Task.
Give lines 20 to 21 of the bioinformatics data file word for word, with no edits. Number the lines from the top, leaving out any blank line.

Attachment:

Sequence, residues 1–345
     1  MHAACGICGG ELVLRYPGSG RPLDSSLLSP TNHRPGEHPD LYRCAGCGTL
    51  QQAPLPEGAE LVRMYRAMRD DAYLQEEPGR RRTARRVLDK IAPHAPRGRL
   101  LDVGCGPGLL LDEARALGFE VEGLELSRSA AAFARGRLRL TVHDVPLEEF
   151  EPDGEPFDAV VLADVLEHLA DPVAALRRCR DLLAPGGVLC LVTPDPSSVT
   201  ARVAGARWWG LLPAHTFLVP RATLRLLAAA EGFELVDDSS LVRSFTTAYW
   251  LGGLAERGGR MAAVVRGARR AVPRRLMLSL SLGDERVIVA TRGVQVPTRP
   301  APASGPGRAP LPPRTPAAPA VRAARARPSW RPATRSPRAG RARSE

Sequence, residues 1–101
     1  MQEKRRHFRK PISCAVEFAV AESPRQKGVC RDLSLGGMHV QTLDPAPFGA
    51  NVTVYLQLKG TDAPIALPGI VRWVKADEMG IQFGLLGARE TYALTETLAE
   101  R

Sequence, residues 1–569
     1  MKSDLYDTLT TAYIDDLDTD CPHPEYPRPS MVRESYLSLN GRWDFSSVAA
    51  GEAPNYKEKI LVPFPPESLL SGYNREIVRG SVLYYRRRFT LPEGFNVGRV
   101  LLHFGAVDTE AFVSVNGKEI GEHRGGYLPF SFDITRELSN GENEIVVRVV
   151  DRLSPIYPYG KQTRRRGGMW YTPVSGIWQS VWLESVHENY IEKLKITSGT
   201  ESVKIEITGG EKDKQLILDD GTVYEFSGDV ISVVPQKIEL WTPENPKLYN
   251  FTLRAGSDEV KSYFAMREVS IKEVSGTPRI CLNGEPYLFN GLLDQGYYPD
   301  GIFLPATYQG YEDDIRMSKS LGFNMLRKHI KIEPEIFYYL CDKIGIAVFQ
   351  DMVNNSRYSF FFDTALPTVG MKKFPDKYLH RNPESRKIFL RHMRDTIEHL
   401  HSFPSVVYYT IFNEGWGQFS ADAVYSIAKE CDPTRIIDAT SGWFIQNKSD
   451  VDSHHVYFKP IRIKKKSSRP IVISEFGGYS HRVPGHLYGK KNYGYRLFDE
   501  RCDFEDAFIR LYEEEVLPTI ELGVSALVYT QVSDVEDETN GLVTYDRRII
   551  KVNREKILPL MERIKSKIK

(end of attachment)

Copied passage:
   301  GIFLPATYQG YEDDIRMSKS LGFNMLRKHI KIEPEIFYYL CDKIGIAVFQ
   351  DMVNNSRYSF FFDTALPTVG MKKFPDKYLH RNPESRKIFL RHMRDTIEHL